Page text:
The lies we believe about our bodies start when we are little girls. When I was eight, I believed the lie that my body wasn't as good as the other girls' bodies, so much so that I wore a cover-up into the pool that entire summer. When I was in fifth grade, I believed that girls shouldn't eat as much, so I started depriving my body of food when my parents weren't around. When I was in college, I believed that exercise was my answer to eating whatever I wanted, and I literally ran myself into the ground. The destructive importance society has placed on body image is ingrained in women from a young age, and while so much progress has been made in celebrating body image over the past decade, the subtle reminders of how we measure up to others is all around us.

I finally hit the stride in my 20s of truly loving my body and finding so much fulfillment in enjoying food and exercise for all the right reasons. It took a very long time to get to that place of feeling healthy and balanced. Then as I became pregnant with my first child, that balance suddenly shifted and I found myself walking the new yet familiar territory of trying to feel good about my body.

Two babies and four years into the postpartum stage of my life, I'm still navigating this territory.

The one truth that I have discovered about my postpartum body is that it is uniquely mine and can't be measured against anyone else's. And with this truth, I have worked to unpack the lies that I believed about my postpartum body, in hopes of empowering other mamas and creating a narrative that my daughter and generations to come can believe about themselves.

That it's important to get your body "back"

The idea that you can "get your body back" comes with the assumption that you lost it, which is simply not true. Pregnancy is a physical transformation that changes us from the inside out, and having experienced the miracle that sits at the other end of this transformation, I would never want to go back.

Yes, you can go back to a pre-baby weight and find joy in fitting in your favorite skinny jeans. These aren't bad things. But weight is only one part of the story, and yet somehow we have made it the main focus. The truth is that in the nine and a half months I was pregnant with each of my children, my body showed up for me and my child in ways I couldn't possibly even imagine. So on the other side of bringing two beautiful children into the world, I am showing up for my body by giving it a lot of grace and love, and most importantly, realistic expectations.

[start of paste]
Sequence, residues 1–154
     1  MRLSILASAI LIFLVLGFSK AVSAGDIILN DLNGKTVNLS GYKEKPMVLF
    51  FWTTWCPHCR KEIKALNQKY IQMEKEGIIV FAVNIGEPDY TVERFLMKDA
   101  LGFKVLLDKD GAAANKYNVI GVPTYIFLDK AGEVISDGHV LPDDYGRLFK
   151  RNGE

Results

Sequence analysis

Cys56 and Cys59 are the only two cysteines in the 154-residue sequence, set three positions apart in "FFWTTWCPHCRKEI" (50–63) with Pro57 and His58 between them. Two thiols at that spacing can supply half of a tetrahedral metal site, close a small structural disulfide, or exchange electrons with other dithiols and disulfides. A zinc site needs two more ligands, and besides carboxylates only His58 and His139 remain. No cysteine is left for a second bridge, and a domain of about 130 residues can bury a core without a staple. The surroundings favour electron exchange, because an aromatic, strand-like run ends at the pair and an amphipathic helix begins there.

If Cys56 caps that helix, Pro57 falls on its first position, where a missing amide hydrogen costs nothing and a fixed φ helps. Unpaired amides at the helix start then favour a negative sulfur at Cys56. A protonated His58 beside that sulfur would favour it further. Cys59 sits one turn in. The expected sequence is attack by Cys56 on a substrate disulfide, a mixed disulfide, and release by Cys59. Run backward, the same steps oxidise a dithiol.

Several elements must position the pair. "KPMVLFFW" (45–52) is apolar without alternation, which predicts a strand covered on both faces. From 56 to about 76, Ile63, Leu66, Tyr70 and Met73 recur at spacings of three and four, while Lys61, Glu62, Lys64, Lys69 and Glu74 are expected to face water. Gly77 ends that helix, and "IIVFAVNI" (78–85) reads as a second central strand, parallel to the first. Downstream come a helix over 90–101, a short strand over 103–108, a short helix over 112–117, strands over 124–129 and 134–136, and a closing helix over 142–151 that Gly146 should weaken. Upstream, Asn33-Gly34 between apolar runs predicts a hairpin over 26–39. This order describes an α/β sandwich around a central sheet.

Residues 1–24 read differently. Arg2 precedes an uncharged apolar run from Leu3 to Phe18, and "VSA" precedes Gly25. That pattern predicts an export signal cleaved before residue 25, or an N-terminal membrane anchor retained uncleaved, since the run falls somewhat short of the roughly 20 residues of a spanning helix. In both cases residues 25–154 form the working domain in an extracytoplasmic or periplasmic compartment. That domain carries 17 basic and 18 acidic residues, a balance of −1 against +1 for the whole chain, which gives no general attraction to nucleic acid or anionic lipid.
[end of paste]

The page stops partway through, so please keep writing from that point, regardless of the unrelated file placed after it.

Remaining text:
While my body oftentimes reflects back an image that is unfamiliar and new, I've chosen to love it, even when I sometimes hate it. I am the first to advocate for a healthy diet. I preach the mental and physical and benefits of daily exercise. But you will not find me holding myself back from living my life because my body does not look like it used to. I've chosen life as a mom, and as such, I've also chosen to celebrate the body that got me here.

That you can't talk about it

I consumed just about as much content about pregnancy and raising a baby as I possibly could, and yet I would've been genuinely shocked about some of the postpartum stages and changes my body went through if it were not for my sister and friends who experienced motherhood before me. The candor and vulnerability these women shared with me opened up the lines for me to share and ask anything, and in return, I've been able to do the same for other new mamas.

If I could ensure that every new mama would have just one thing, it would be another mama with whom she could confide the most intimate details of postpartum life. There's a reason that so much of new motherhood and our postpartum bodies come as a surprise: it's because many of our mamas didn't have the channels or the empowerment to share this part of their lives, and when women don't share, girls don't learn.

These relationships with other women are essential. From periods to peeing your pants to sitz baths and hair loss, the adventure has just begun once the baby arrives, and the ongoing changes are overwhelming if not met with the familiarity and understanding from someone who gets it.

That you should hate it

I've found my own postpartum body at times unbearable, even marveling more than once at how I could produce such beautiful babies and yet feel so, ugh. Self loathing seems to often go hand-in-hand with new motherhood. But why? Who sets these unrealistic standards for us?

In a recent Motherly podcast, author Kimberly Ann Johnson celebrated the "soft" bodies that come with motherhood, the beautiful bodies that we as women have been uniquely designed to behold. The rigidity and structure that comes with many women's "dream body" is far from the traits that make women amazing mothers. Softness, comfort, acceptance, joy… these are the traits that keep children drawn towards their mothers long past babyhood.

I want a postpartum body that is healthy and able. I want a postpartum body full of energy to keep up with my kids. I want to rock a cute outfit on date night and nail a Zoom presentation in my power suit. But I, and only I, am the one who gets to decide what that looks like for me. And perhaps it looks exactly like what it looks like now. Perfectly imperfect. Beautifully transformed. Amazingly strong, inside and out.